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Web browsers

Web browsers usually don't have a way to change the output device built-in, but extensions can enable this functionality.

AudioPick Chrome extension: https://chrome.google.com/webstore/deta ... ljljhagaha
Chaudev Firefox extension (for Firefox 56, Waterfox, Pale Moon, Seamonkey): https://addons.mozilla.org/en-US/firefox/addon/chaudev/

To use these extensions, change the output device in the extension's options to your speakers or headphones just like we did in foobar2000.
Note that this only works for HTML5 sites and not sites that use Flash.

Last resort (Windows 10 only)

What if there's no way to change the output device in a program, or you just don't want to use extensions? This is where the Windows 10 comes in.
  1. Click Start -> Settings -> System -> Sound -> App volume and device preferences (You can also search for "Sound mixer options").
  2. Find the program(s) you want to exclude from your recordings. They must be currently running and playing audio to see them in the list.
  3. Click the left drop down menu for each program entry and select your speakers or headphones. Do not select Cable Input or Default, otherwise it will overlap GTA SA audio.
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This method works for pretty much any program sounds you don't want in your recordings, including Firefox, Chrome, Steam and Discord to name a few.
You must have the April 2018 build of Windows 10 or newer to do this, older versions will not have it.

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To check your Windows 10 version, click Start -> Settings -> System -> About -> Windows specifications. You can also search for "winver.exe". Make sure version 1803 is listed.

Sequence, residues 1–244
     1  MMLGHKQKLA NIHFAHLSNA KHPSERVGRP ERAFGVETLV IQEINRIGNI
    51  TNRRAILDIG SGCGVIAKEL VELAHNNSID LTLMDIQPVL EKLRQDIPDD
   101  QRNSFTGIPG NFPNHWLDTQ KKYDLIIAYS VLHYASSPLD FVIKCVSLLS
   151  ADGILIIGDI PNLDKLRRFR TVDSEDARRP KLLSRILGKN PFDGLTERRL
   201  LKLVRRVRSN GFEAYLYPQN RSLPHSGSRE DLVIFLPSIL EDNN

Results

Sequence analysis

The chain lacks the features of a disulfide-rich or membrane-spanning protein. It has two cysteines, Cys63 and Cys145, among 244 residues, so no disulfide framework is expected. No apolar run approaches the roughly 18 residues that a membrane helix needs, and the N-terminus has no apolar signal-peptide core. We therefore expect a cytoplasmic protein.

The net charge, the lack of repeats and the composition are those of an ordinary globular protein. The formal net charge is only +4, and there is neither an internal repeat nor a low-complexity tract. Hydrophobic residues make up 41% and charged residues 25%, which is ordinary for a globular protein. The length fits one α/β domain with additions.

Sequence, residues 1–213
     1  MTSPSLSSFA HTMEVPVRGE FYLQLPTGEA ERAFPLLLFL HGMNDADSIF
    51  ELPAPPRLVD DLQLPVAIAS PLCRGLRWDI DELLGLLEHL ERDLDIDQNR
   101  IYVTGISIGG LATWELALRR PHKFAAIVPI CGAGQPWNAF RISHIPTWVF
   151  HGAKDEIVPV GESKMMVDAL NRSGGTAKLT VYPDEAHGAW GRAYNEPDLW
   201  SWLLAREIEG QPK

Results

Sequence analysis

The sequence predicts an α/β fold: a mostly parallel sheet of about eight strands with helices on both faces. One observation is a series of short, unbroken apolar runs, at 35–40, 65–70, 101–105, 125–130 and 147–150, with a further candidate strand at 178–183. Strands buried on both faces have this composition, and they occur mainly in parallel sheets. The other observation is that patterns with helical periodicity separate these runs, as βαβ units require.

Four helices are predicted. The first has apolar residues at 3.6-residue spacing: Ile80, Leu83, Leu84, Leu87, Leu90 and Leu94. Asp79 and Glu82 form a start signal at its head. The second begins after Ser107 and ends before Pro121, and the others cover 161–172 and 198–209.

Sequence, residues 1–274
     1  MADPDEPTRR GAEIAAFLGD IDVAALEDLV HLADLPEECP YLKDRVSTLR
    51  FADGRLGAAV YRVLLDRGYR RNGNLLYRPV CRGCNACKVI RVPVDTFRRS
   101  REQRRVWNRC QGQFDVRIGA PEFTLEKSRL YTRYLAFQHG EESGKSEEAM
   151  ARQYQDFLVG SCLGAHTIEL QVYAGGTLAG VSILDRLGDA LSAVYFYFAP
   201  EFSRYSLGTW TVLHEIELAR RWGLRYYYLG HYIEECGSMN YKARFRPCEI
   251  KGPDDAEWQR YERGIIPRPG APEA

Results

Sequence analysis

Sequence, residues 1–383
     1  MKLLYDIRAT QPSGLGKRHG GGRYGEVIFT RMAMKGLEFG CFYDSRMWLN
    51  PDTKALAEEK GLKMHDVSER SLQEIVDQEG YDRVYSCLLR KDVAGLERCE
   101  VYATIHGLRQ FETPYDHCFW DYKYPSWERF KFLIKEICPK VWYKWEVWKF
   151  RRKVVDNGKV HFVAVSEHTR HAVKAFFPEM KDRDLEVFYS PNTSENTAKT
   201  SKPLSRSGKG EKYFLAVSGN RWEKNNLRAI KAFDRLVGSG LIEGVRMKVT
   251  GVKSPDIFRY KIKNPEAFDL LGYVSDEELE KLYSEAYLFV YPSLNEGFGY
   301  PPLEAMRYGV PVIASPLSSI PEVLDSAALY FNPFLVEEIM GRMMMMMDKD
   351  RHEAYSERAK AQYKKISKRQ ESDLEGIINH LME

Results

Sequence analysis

Last last resort (If you hate Windows 10)

There is software for older Windows versions that can do something similar to the above, but I find it not as reliable.

Audio Router Github: https://github.com/wolfreak99/audio-router
Audio Router downloads: https://ci.appveyor.com/project/wolfreak99/audio-router (Select your platform, then click "Artifacts" to find the zip file)

Just like before, choose the program(s) you want to exclude and route them to your speakers or headphones instead of the default device.

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Final steps


Make sure your recording software is using Cable Input as the default audio device if it isn't already. If your recording software doesn't have that option, don't worry, it will still work (that's why we made Cable Input the default device!)
Make a recording of GTA SA while playing some music or videos. If you only hear game audio when playing back the recorded video file, then you were successful.

Be sure to mute the radio through the in-game pause screen as well. Your video will definitely get muted or taken down if you keep radio on for long periods of time.

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You will now have purified GTA SA recordings you can post anywhere without having to worry about copyright or missing important game sounds. All while listening to whatever you want.

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kiko
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Re: [Guide] Isolating game audio in your recordings

Post by kiko »

Cool guide, however Shadowplay has had an option to separate audio tracks such as microphone or music for some time already though.
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Snowshoe
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Re: [Guide] Isolating game audio in your recordings

Post by Snowshoe »

x6tence wrote:Cool guide, however Shadowplay has had an option to separate audio tracks such as microphone or music for some time already though.
Shadowplay records all system sounds (your default device) to the same track, with only the option to isolate an external device (such as a microphone) to another track. It will still record sounds from unwanted programs unless you follow this guide. This guide also works for OBS, FRAPS, Dxtory and more for people that don't or can't use Shadowplay.

This guide is not about making multiple audio tracks, it's about making multiple audio devices to separate game audio from other programs.